Temple of Ain el-Muftella may have once served as the city
center of El Qasr which is today the modern town of Bawiti in the Bahariya Oasis.
It was most likely built around the time of the 26th Dynasty,
though some sections of the temple may date from earlier in the
New Kingdom. The temple was probably added to by both the
Greeks, and later the Romans.
We know that parts of the temple were built by a high priest
named Zed-Khonsu-efankh who's brother, Sheben-Khonsu was
governor of the district during the reign of
Ahmose II. After the death of Sheben-Khonsu,
Zed-Khonsu-efankh also took on his brother's role as governor.
Fakhry investigated the site in 1939 leading to his mistaken
opinion that the structures were four separate chapels.
However, when the site was again examined in 1977, it was
determined that the these structures were in fact one temple.
The temple center does in fact consist of four chapels that
are decorated with painted, sunk relief and are of a style
similar to what might be found in other Egyptian temples of this
period. The first chapel, which has two large halls, once had
vaulted ceilings painted with geometrical designs. Each of the
halls were adjoined by small storage rooms.
temples such as this one in Egypt may have been required to be
serve as a general purpose place of worship for a number of
different gods. Scenes in the first hall depict
Zed-Khonsu-efankh, and sometimes his brother Sheben-Khonsu,
along with Ahmose II, who wears the double crown of Upper and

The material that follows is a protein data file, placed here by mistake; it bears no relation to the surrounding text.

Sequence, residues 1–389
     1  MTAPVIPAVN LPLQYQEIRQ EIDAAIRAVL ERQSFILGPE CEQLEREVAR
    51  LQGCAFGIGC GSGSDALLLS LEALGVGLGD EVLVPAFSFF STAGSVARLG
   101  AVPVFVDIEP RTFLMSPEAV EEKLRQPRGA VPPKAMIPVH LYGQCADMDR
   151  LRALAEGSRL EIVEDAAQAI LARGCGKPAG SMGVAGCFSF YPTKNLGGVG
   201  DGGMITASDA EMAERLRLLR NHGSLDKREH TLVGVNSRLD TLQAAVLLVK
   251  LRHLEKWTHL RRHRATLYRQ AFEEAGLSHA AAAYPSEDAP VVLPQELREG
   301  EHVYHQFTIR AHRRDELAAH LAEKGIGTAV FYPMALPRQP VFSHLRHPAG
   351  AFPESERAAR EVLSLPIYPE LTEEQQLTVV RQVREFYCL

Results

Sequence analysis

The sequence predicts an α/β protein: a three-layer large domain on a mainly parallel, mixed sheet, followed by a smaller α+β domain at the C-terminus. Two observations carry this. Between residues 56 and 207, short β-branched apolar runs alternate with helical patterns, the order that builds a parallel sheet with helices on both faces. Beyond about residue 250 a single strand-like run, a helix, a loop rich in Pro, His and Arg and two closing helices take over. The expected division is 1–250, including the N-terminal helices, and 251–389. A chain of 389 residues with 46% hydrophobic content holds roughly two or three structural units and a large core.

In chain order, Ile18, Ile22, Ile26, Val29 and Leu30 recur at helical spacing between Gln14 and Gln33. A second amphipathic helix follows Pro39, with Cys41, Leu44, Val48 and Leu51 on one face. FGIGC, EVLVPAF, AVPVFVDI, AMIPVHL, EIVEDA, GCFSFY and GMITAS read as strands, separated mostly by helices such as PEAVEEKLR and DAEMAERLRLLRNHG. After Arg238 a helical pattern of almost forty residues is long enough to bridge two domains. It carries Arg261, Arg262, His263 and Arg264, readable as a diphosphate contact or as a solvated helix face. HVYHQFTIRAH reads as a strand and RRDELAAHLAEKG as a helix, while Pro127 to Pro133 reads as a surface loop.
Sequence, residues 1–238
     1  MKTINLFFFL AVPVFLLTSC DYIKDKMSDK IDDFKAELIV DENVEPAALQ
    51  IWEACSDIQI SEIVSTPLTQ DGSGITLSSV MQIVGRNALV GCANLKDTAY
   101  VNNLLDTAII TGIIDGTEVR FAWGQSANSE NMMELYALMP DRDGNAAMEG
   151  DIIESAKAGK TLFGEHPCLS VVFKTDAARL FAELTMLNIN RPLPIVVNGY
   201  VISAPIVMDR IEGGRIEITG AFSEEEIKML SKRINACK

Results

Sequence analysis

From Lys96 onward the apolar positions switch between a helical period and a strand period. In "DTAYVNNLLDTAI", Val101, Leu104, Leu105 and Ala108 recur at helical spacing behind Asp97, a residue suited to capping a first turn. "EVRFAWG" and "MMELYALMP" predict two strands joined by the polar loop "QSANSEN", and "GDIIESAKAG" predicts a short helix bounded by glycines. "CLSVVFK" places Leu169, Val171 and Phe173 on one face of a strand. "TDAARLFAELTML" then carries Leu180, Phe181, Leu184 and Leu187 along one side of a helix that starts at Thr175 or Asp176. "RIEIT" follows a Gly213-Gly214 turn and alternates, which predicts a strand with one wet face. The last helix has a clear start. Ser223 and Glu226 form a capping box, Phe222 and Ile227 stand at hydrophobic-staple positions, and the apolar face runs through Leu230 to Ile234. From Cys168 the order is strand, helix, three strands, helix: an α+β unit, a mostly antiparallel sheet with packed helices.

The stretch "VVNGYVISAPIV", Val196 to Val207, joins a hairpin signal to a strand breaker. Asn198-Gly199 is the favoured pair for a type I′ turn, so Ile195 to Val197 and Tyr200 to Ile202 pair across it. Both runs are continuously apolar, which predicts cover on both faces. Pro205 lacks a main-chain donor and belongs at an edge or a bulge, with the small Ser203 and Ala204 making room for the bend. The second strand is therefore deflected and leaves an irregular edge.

Lower Egypt, standing side by side making offerings to thirteen
gods, who include Mahesa, Bastet,
Amun, Mut, Khonsu,
Harsaphis (Herishef or Arshaphes), Hathor, Thoth,
Nehem-awa (the consort of Thoth), Amun (ram headed), Anubis
Occasionally, the god Ha (a god of the Western Desert) is also
included in the procession.
Another set of reliefs in the side entrance depict Ahmose II
standing with an ankh in his right hand along side the
and the cow goddess, Hathor. Behind them is another scene
depicting a child, several unrecognizable gods and goddesses,
and the goddess Ma'at
with her feather, who are all facing the gods
Montu, Horus and Sekhmet.
In the second chapel, which was also probably built by
Zed-Khonsu-efankh, we find a scene portraying the high priest
with a shaved head worshipping Osiris.
Another scene shows Zed-Khonsu-efankh, Sheben-Khonsu And Ahmose
II before a similar procession of gods as
in the first chapel, but with the addition of
Seshat, the goddess of writing. Other scenes in this chapel
show the sisters of Osiris mourning his death, along with a list
of the names of various deities.
The wall to the right of the entrance to the second chapel
displays a scene depicting an unknown priest making offerings to
Osiris, and then the king standing before Thoth. On the west
wall we find a mummified Osiris.
The third chapel was probably dedicated almost exclusively to
Bes. It has two entrances at either end of the chapel that
are built of dolerite and sandstone, and one wall within this
chapel id devoted exclusively to a large figure of that deity,
though only the bottom half remains.
The fourth chapel, probably also built by Zed-Khonsu-efankh,
is perhaps more simple, made of brick and stone, but probably
never painted. The only notable scene in this chapel depicts
Ahmose II in the presence of Khnum
A number of artifacts have been recovered from this temple
over the years. Discoveries in the first chapel consist of a
statue of the goddess Bastet, a stone emblem of a head of
Hathor, a statuette of an unknown king, another statuette of
Thoth, and fragments of a bronze vase.
More recent discoveries include a three inch high faience
statuettes of Isis holding Horus in her lap and Sekhmet with the
sun disk behind her for protection. Several small scarabs were
also unearthed, including one with a small depiction of a man
holding a stick on the bottom. Other artifacts include a
statuette of Seth with a donkey's head and a Wedjat-eye amulet